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Cosby home from prison after court reverses sexual assault conviction

NEW YORK : Bill Cosby was freed from prison and returned home on Wednesday, less than two hours after Pennsylvania's highest court overturned his sexual assault conviction, saying he never should have faced charges after striking a non-prosecution deal with a previous district attorney more than 15 years ago.

The Pennsylvania Supreme Court issued its split decision after the 83-year-old US actor had served more than two years of a three- to 10-year sentence following his 2018 conviction, prompting outrage.

Cosby on Twitter thanked supporters and said: "I have never changed my stance nor my story. I have always maintained my innocence."

Cosby was found guilty of drugging and molesting Andrea Constand, an employee at his alma mater Temple University, in his home in 2004. Her allegations were the only ones against Cosby not too old to allow for criminal charges. The court's decision expressly barred prosecutors from retrying Cosby.

Montgomery County District Attorney Kevin Steele, who charged Cosby in 2015, noted a jury found Cosby guilty and that Wednesday's decision was not based on the facts of the case.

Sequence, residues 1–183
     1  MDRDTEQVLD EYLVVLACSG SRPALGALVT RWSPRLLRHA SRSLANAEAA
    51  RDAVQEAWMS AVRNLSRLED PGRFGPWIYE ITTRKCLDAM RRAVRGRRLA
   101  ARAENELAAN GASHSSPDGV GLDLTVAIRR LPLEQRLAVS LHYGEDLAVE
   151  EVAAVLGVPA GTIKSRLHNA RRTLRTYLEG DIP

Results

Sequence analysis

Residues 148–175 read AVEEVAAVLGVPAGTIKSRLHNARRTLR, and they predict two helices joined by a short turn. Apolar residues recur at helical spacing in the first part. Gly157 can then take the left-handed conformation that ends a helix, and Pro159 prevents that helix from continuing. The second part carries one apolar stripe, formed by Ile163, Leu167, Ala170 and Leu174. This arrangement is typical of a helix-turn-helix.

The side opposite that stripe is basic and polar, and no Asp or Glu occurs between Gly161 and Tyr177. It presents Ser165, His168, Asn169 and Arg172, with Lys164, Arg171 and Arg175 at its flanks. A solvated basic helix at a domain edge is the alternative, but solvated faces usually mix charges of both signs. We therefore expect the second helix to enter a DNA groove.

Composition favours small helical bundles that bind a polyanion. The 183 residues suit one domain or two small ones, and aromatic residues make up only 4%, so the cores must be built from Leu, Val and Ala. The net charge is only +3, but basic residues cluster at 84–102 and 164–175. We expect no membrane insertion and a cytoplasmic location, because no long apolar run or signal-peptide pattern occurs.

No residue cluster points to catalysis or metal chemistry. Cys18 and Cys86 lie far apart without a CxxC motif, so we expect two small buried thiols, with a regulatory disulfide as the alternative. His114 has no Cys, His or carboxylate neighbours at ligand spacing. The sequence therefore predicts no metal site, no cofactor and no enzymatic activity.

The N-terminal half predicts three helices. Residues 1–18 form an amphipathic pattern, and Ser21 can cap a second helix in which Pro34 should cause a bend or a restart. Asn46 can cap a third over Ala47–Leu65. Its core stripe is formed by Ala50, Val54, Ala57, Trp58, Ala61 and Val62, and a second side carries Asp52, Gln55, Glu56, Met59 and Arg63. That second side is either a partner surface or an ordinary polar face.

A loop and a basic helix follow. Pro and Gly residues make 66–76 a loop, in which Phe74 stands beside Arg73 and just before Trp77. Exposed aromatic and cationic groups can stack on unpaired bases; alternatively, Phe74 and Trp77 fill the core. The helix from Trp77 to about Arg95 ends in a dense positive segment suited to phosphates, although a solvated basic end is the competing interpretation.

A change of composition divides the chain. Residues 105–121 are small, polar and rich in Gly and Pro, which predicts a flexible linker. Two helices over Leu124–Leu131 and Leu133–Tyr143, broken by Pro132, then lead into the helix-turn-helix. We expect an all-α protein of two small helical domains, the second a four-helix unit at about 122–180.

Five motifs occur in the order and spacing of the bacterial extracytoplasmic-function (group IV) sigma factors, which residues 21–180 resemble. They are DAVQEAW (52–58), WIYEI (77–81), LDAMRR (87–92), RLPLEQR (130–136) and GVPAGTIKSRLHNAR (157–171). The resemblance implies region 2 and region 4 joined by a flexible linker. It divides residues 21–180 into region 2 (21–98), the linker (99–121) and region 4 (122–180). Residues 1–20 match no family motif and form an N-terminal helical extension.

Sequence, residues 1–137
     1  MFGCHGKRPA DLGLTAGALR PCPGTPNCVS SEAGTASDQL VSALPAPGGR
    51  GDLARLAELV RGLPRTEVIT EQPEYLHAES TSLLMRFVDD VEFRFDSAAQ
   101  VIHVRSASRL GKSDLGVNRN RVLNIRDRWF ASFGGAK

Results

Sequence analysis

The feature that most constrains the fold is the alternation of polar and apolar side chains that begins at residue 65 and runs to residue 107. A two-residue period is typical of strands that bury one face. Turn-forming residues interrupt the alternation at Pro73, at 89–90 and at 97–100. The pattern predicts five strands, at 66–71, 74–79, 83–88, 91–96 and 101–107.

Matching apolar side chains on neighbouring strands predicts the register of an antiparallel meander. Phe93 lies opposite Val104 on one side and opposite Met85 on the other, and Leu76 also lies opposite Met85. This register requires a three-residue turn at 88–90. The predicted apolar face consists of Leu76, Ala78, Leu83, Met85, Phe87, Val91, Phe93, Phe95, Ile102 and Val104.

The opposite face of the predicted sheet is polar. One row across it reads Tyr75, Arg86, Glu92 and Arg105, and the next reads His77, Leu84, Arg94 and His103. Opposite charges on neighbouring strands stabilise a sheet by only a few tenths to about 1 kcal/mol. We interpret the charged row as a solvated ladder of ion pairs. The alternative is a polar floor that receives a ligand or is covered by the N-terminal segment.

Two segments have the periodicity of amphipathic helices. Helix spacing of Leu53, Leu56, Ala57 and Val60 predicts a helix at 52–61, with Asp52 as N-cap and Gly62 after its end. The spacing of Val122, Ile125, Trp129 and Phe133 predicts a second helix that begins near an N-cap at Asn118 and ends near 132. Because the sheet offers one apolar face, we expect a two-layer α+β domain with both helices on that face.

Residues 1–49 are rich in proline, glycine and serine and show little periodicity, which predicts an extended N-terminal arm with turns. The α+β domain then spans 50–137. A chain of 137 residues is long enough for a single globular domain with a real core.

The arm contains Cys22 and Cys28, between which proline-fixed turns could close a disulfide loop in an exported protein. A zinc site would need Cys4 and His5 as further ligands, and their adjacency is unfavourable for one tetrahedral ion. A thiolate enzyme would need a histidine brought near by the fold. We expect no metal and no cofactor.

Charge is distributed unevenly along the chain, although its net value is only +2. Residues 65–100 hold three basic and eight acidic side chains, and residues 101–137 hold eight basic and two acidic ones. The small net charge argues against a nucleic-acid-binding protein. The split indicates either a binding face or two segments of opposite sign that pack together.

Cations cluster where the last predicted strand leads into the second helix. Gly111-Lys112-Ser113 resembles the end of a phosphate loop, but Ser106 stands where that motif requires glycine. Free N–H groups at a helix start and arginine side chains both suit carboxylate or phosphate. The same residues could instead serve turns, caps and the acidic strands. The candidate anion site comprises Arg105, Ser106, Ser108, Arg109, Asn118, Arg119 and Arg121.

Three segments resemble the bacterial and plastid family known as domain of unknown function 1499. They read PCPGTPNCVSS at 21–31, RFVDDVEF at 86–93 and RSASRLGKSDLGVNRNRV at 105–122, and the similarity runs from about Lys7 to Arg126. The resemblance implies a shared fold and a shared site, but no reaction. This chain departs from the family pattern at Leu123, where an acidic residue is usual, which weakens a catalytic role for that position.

"My hope is that this decision will not dampen the reporting of sexual assaults by victims," he said. "We still believe that no one is above the law - including those who are rich, famous and powerful."

The court's majority found that a state prosecutor, Mr Bruce Castor, made a deal with Cosby's attorneys in 2005 not to bring criminal charges after concluding he could not win a conviction.

As a result, Cosby was unable to avoid testifying as part of a civil lawsuit that Ms Constand brought against him, since defendants can refuse to testify only when faced with criminal prosecution.

Cosby acknowledged giving women sedatives to facilitate sexual encounters, though he said they were consensual. He paid Ms Constand a multimillion-dollar settlement. His admission, which a judge unsealed in 2015, helped form the basis for criminal charges later that year. Steele, who had just defeated Castor in the election for district attorney in part by criticising him for failing to prosecute Cosby, charged Cosby days before the statute of limitations was set to expire.

Steele's prosecution, the Pennsylvania Supreme Court found, essentially amounted to reneging on Castor's earlier promise not to charge Cosby, violating his due process rights. - REUTERS

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